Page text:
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Manoel Francisco de Campos Neto (1),
Jorge Paulete Vanrell (2),
Vicente Palmiro Silva Lima (3),
Luiz Marcos Turdera (4),
Belgath Fernandes Cardoso (5),
Alessandra Paiva Puertas Alves (6)

(1) Expert Medical Officer – POLITEC – Legal Medicine Section – Cáceres-MT Regional and Traumato-Orthopedist of the TRAUMA and EMERGENCY team of HRAF – Antonio Fontes Regional Hospital – Cáceres – MT – (manoelcamposneto60@gmail.com). (2) Doctor of Science; Former Medical Doctor of the Superintendent of the Technical-Scientific Police of the Secretariat of Public Security of São Paulo, Professor of Legal Medicine at the Paulista University Law Course (UNIP); Professor of the Master’s Degree in Legal Medicine at the University of Valencia (Spain); Professor of Legal Medicine and Criminology at the Civil Police Academy of São Paulo. (3) Traumato-Orthopedist of the Trauma and Emergency team of the Regional Hospital of Cáceres-MT. (4) Labor and Traumato-Orthopedist Judicial Expert of the Trauma and Emergency team of the Regional Hospital of Cáceres-MT. (5) Biomedical, Master in Tropical Diseases, Professor of Molecular Biology at the Biomedicine Course of the Faculty of Cuiabá, Coordinator of Quality Assurance of POLITEC / MT. (6) Criminal Officer – Former Metropolitan Director of Forensic Laboratory – Coordination of Molecular Biology (Forensic DNA Laboratory / POLITEC-MT).

INTRODUCTION: Human fingerprint identification is recognized for its immutability, durability and variability. In cases of amputations, quartering or serious detachment of the fingerprints, however, other methods are necessary. Among these, anthropology uses bones to obtain primordial anatomical information, and dental comparison is useful in situations where only bones, teeth, and hair remain. Molecular techniques have a high cost, but their cost-effectiveness is reflected in the processes of decomposition, fragmentation, incineration or non-existence of comparative data. In DNA typing, the reference is blood. In the post-mortem the same must be collected by cardiac puncture and deposited in the FTA® (Flinders Technology Associates) filter, however, this will depend on the cadaveric viability. In the absence of FTA, it is important to have a long-lasting, low-cost technique. In this sense, we recommend the collection and storage of hair follicules in time prior to burial in case of doubts regarding identification, which will avoid unnecessary exhumations. METHODOLOGY: An experimental study was conducted, based on cases that occurred in Cáceres / MT. After the external inspection, the site was washed and with the aid of hemostatic forceps we extracted a sample of whole hair, including follicules. These were placed on a sterile bench for drying at room temperature, avoiding fungal contamination. The material was packed in paper or plastic envelope stapled in the report, with all preliminary notes for filing. In the necropsy report we inform the procedure. CONCEPTUAL FRAMEWORK: The possibility of DNA detection is proportional to the amount of hairs striped with follicules (each one has up to 750 ng of DNA). RESULTS: After six years of adopting the method, with some samples being tested, exhumations were no longer necessary to confirm identity. CONCLUSIONS: The implantation of this simple, practical and free method for the previous collection and storage of biological samples can be applied in all Brazilian services (mainly in the interior), as it would avoid unnecessary exhumations and discourage fraud in the identification of Unknown.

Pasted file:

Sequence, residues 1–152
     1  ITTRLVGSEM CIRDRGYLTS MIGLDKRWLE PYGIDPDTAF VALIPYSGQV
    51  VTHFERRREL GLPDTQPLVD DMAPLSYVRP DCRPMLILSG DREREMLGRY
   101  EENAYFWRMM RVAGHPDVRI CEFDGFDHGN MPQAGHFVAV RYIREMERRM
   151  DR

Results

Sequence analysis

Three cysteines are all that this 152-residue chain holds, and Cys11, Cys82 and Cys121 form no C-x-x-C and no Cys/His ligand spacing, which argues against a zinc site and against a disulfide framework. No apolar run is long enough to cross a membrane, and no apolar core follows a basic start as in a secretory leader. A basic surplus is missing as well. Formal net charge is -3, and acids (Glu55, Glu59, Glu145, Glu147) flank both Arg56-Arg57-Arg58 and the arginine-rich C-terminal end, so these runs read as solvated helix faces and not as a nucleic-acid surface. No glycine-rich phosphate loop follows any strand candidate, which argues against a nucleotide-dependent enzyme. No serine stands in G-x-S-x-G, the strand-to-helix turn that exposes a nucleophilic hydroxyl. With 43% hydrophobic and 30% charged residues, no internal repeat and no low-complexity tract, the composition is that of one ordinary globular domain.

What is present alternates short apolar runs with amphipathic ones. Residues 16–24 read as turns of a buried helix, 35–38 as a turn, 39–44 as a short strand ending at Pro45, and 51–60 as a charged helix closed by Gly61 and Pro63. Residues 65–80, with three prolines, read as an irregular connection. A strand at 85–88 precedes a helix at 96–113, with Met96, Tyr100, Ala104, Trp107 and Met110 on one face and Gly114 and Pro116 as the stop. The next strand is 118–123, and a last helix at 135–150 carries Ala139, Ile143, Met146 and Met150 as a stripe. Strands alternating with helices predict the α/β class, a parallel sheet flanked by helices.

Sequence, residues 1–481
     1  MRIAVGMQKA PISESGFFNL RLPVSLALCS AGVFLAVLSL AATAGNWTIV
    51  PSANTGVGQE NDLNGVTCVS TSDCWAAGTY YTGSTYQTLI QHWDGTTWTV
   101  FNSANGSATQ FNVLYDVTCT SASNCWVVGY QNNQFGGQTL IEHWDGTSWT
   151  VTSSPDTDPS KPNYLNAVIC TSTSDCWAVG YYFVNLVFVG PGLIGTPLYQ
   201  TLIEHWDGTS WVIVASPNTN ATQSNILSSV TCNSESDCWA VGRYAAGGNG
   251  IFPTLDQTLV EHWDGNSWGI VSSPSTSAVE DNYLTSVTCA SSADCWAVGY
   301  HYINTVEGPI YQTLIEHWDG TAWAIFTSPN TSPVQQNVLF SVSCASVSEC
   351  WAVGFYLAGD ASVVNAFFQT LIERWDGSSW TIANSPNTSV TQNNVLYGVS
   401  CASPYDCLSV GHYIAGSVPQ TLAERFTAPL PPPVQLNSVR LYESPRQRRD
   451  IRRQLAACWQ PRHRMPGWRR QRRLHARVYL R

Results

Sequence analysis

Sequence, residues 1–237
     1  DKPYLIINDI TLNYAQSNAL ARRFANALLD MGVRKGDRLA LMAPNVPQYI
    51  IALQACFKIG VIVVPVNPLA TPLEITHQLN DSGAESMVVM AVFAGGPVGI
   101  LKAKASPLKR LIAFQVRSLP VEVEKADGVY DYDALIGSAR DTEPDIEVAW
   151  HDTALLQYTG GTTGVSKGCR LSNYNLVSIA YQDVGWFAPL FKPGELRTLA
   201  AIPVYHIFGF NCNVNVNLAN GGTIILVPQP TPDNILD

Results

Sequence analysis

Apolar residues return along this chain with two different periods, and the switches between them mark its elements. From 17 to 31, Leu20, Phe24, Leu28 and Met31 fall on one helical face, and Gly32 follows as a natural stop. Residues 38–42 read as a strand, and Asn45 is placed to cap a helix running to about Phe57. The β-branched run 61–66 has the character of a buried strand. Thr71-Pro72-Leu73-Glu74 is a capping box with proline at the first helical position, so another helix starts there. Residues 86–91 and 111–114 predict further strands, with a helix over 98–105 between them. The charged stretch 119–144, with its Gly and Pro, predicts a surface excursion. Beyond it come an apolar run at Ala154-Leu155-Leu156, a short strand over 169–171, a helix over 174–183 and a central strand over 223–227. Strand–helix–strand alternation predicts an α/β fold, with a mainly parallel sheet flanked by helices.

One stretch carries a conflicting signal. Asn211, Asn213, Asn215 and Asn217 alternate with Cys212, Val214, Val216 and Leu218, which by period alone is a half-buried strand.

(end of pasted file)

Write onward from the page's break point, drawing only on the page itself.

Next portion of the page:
1. BAREA, J.A. et al. Extraction of DNA from archival materials and sparse sources for use in polymerization chain reaction (PCR). Brazilian Journal of Hematology and Hemotherapy, v.26, n. 4, p. 274-281, 2004.
2. CAMPOS NETO, M.F .; PAULETE VANRELL, J. Atlas of Legal Medicine – Practical Guide for Doctors and Operators of Law – Volume I – Identification by DNA – (p.95 -107 to 112) -1ª Ed, LEUD Publishing House, 2014.
3. HOCHMEISTER, M. “PCR analysis of DNA from fresh and decomposed bodies and skeletal remains in medical legal death investigations.” In: LINCON, P. (Editors). Forensic DNA Profiling Protocols. Human Press, 1998, p. 19-26.
4. SILVA, L.A.F .; PASSOS, N.S. Forensic DNA – Collection of Biological Samples at Sites of Crimes for DNA Study. Maceió: UFAL, 2006. p. 84.

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